THE FEBRUARY 2 election can only be postponed if the ongoing protests are brought to an end and there is no boycott of the election, a government figure said yesterday following a Constitutional Court ruling that the polls can be rescheduled.
“The election should be postponed on condition that the protesters cease their rallies and there is no blockade or boycott of the election,” Varathep said. “If there are still attempts to interrupt the election, there is no use in postponing it.”
Suthep Thaugsuban, leader of the anti-government People’s Democratic Reform Committee (PDRC), said last night that protesters would campaign for national reform before elections at all polling booths in Bangkok during advance voting tomorrow. “It’s every citizen’s right to peacefully express his opinion. If the rally makes it difficult for voters to get into polling stations, please excuse us, as the space is limited,” he said.
Former PM Thaksin Shinawatra, who is believed to be pulling the strings behind the scenes, has been made aware of the court ruling, a source close to him said yesterday.
Thaksin reportedly agreed that the push to hold the election on February 2 would only lead to violence as anti-government protesters have threatened to interrupt voting, the source said. By deferring the poll, pressure faced by the government would shift to Suthep, the source quoted Thaksin saying.
The eight Constitutional Court judges present backed the rescheduling of the election yesterday, though most of them said it would be a joint responsibility for the caretaker prime minister and the EC chief to discuss the issue.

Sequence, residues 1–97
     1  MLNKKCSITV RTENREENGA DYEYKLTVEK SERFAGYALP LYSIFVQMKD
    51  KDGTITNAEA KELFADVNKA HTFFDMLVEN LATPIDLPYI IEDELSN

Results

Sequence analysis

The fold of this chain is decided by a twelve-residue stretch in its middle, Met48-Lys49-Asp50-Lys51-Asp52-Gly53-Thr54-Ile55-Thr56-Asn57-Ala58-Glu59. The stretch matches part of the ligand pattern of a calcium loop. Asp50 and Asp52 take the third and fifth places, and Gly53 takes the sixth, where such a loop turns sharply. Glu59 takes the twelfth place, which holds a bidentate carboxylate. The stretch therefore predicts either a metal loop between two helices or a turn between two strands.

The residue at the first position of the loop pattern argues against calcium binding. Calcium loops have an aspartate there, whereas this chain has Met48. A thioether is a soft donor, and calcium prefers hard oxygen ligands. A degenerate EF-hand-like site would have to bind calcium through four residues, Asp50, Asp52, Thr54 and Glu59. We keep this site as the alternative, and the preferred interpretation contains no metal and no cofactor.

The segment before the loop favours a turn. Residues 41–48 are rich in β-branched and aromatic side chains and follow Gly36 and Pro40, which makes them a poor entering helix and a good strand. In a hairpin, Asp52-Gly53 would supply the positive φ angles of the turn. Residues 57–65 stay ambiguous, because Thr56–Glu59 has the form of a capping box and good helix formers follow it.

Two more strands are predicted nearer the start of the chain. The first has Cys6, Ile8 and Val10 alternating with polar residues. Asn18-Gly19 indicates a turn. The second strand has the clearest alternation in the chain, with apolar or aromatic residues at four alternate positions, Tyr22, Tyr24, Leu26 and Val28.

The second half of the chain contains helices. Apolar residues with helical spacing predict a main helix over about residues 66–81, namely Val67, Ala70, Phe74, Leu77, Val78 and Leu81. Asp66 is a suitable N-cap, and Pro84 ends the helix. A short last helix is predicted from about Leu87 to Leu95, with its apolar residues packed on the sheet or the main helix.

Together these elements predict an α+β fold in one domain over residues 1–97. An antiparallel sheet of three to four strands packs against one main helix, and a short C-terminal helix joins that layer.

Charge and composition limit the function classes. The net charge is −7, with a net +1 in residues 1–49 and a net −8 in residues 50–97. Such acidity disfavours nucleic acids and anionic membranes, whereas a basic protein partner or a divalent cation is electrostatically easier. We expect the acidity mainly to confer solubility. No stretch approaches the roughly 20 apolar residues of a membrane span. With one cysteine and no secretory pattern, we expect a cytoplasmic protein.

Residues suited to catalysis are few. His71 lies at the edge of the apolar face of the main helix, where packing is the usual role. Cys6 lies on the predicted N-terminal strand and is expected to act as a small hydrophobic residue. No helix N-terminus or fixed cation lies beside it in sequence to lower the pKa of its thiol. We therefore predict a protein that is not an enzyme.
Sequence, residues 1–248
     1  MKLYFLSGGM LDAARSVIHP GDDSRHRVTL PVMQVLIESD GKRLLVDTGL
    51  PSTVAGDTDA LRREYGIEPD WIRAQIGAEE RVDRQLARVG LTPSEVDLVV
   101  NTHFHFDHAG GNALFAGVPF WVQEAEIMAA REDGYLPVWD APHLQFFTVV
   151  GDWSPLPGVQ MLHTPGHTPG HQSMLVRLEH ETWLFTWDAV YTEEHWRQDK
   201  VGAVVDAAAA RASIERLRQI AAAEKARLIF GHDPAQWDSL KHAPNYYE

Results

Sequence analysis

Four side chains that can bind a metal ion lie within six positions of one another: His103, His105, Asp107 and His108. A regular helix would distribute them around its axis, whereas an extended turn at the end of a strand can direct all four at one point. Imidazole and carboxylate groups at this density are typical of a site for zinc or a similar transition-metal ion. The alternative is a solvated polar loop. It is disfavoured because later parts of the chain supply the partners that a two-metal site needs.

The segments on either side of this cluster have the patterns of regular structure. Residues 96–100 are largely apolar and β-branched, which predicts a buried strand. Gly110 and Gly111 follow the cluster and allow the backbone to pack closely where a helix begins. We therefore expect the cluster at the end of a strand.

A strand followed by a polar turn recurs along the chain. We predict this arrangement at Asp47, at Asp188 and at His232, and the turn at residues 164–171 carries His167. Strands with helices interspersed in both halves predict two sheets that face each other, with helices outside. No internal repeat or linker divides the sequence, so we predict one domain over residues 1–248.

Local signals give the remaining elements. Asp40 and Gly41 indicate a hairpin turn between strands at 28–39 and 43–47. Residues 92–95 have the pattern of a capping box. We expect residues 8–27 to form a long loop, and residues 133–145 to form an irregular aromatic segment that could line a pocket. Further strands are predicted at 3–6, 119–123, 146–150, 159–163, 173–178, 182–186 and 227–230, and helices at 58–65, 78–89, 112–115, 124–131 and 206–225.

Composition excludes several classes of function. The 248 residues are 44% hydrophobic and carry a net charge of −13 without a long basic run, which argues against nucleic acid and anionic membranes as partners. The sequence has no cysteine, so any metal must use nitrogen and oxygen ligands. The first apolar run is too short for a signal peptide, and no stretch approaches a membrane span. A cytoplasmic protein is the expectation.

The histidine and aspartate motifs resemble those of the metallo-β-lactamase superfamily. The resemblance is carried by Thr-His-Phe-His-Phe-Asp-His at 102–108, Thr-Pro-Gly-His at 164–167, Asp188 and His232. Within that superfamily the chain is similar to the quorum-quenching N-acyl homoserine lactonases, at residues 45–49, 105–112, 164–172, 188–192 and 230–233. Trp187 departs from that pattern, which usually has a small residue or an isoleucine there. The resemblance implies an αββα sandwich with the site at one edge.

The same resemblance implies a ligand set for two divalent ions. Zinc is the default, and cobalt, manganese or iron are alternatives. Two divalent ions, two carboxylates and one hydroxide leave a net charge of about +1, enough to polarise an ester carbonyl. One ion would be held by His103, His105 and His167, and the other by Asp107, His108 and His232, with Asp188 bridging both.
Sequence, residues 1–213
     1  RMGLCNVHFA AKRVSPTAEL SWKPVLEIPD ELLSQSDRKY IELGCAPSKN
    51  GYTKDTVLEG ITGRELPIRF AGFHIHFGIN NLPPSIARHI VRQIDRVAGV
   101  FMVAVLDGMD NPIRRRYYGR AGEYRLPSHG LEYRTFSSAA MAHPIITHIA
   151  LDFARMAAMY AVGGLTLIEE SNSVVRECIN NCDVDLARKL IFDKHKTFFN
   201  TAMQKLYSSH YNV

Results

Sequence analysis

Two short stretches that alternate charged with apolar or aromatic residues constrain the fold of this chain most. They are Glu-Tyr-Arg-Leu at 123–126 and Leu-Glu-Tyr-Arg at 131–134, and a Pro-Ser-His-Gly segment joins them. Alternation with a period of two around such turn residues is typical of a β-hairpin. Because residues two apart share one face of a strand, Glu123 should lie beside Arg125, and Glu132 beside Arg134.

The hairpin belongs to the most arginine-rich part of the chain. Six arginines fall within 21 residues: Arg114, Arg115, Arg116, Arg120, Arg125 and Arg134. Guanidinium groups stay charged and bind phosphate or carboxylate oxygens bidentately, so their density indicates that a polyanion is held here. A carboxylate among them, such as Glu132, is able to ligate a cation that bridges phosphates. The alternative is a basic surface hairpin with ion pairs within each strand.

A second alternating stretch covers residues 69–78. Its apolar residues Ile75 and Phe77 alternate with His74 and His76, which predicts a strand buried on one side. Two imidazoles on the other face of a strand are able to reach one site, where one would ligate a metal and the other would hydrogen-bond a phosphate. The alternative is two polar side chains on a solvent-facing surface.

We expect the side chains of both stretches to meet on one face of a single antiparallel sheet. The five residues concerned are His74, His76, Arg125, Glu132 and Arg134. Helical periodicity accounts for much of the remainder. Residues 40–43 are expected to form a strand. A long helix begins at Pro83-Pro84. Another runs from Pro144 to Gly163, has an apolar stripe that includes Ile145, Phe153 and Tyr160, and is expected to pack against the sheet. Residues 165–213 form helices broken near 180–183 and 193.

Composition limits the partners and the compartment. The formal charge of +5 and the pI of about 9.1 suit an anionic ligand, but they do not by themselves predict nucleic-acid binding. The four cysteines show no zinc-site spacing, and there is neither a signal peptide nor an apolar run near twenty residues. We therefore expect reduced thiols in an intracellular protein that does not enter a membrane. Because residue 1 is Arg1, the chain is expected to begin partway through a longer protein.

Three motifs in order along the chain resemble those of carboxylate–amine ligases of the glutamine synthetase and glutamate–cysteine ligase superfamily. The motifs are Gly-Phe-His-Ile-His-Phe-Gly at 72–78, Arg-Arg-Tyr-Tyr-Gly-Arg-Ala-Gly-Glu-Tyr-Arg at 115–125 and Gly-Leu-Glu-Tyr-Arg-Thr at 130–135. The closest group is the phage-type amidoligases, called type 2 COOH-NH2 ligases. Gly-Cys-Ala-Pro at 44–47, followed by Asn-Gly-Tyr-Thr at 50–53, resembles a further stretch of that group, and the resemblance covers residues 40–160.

The court said the two should decide whether the election should be rescheduled and if so, a new royal decree issued on when it should be held. In the ruling, the court also cited the rescheduling of the 2006 election, when a royal decree was issued to defer the election date.
On Wednesday, the EC had asked the Constitutional Court to consider if the election could be rescheduled and if the government and the EC were authorised to set a new election date.
Charupong Ruangsuwan, leader of the ruling Pheu Thai Party, said the Constitution allows for a snap election to be held within 45 to 60 days after the dissolution of the House of Representatives. Hence, he said, the election could be postponed to no later than May 6.
EC secretary-general Puchong Nutrawong said the commission respected the court’s ruling and would hold an urgent meeting this afternoon before contacting the premier as soon as possible. He said the EC might ask to meet Yingluck either on Monday or Tuesday.
“If there is a new royal decree on the election date, the whole [election] process would go back to square one,” he said.
Issara Boonyoung, an adviser to the Business Housing Association, said the court’s verdict should ease the political tension. He said that it was still up to the caretaker government to decide whether to accept the ruling and discuss it with the EC.
A Pheu Thai Party source said the party expects the election to be postponed by at least six months, adding the party’s strategic panel had come to this conclusion at a meeting on Thursday night.
At the meeting, caretaker Education Minister Chaturon Chaisang reportedly warned that independent agencies could take measures against Pheu Thai’s interests, going so far as to dissolve the party, the source, who asked not to be named, said.
Meanwhile, EC member Somchai Srisuthiyakorn said he did not think advance voting would be possible in Surat Thani tomorrow. “There is a lack of volunteers to man poll units in the South. Surat Thani lacks 80 per cent of electoral staff. More importantly, ballot cards heading for Surat Thani have been blocked in Chumphon.”
Once the court ruling was announced, PM’s secretary-general Suranand Vejjajiva tweeted: “To postpone or not, that is the question?!?”